Great performances and far better than its reputation.
Plot: A group of men get together to form a “discussion group”. They share their feelings about women, life, love, and work. The party gets rowdier and rowdier, and then the wife returns home. Thrown out, the men are not yet willing to call it a night…
Review: Some middle-aged men come together and form a “men’s club” almost on the spur of the moment. The men aren’t all acquainted with each other, but when they sit down at Kramer’s (played by Richard Jordan) home, they discuss their affairs, their insecurities, and their frustrations. Former pro-baseball player (played by Roy Scheider) has a lot to say: He’s unsatisfied with his sex life and cheats on his wife. His pal, a happily married man (played by David Dukes), is disgusted with him. An ER doctor (played by Treat Williams) has a lighter outlook on life, and enjoys being single, while the real estate broker (played by Harvey Keitel) realizes in discussion that his wife doesn’t like him. The professor (played by Craig Wasson) just enjoys the company of the guys, and the newcomer to the group is an angry attorney (Frank Langella) whose wife just left him. When these guys start talking and digging deep, they unleash their inner wild, turning Kramer’s house upside down in a raucous party that ends up destroying Kramer’s house – and possibly his marriage. Not satisfied to call it a night, they relocate to a very high end bordello in the city and proceed to turn that place upside down as well as they come to realize who they really are, and what they’re afraid to admit to themselves.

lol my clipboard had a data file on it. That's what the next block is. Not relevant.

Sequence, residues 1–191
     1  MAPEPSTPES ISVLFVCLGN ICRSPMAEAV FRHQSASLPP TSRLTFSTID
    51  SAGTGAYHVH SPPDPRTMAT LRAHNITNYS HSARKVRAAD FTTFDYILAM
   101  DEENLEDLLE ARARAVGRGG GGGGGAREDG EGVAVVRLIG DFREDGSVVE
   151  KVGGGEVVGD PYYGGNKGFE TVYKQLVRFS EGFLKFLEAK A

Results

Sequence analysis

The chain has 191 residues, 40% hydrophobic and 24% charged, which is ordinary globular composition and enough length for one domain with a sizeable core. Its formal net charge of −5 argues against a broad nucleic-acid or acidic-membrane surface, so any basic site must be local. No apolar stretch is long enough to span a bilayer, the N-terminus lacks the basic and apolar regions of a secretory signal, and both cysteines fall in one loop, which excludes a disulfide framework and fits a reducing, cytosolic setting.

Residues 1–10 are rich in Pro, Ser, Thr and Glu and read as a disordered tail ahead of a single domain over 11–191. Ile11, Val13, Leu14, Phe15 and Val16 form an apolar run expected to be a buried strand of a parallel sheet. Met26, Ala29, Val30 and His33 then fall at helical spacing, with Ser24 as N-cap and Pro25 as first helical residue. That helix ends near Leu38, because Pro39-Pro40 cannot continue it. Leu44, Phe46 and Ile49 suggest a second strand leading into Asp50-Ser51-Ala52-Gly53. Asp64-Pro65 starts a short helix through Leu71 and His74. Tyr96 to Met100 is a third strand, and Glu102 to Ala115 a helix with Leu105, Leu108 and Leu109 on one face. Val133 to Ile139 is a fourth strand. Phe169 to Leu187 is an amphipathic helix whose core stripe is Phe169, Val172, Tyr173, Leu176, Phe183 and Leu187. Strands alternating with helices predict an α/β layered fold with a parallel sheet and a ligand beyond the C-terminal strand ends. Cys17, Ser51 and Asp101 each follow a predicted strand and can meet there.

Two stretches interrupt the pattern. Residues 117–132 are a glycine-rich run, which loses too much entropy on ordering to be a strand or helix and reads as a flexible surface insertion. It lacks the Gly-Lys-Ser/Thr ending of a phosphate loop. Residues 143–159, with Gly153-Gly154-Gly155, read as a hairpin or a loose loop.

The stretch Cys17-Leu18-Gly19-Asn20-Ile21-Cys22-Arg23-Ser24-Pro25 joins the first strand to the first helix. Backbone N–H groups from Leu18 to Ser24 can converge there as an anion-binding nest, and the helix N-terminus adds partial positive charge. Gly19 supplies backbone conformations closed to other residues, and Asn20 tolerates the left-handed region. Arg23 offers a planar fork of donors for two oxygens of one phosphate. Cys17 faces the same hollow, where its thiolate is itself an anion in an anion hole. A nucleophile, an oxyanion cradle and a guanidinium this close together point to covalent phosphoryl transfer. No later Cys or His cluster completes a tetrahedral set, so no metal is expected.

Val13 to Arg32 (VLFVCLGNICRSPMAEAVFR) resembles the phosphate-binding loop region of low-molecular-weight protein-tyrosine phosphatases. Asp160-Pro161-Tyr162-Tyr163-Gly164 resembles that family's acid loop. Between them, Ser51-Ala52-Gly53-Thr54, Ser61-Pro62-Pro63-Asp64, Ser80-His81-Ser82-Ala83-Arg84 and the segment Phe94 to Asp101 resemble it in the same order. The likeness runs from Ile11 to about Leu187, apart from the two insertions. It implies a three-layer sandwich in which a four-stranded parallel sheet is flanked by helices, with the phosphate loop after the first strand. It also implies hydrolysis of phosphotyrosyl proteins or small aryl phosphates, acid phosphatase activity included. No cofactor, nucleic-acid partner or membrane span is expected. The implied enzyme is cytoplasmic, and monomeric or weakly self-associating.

Much derided and despised for its supposed misogyny and assertion of male superiority, The Men’s Club is a perfectly palatable drama with well-written dialogue with enormous monologues from each of the actors, who are all given their chance to shine. The standout performance here was by Langella, who has never been more hilarious than he was here. He shows an appealing side of himself as an actor that I don’t ever remember seeing before. The other guys – particularly Jordan and Scheider – give very admirable performances. I thoroughly enjoyed this movie, and it reminded me of some of the best movies by Alan Rudolph. The urban jazz score by Lee Holdridge was outstanding. Written by Leonard Michaels and directed by Peter Medak.
Olive Films has just released a very welcome Blu-ray and DVD of The Men’s Club. This is the first time the movie has been available on a digital format. The movie looks and sounds great, with a nicely textured picture. There aren’t any special features, but no matter. This is one of the nice film discoveries (so far) of 2017. Pick one up!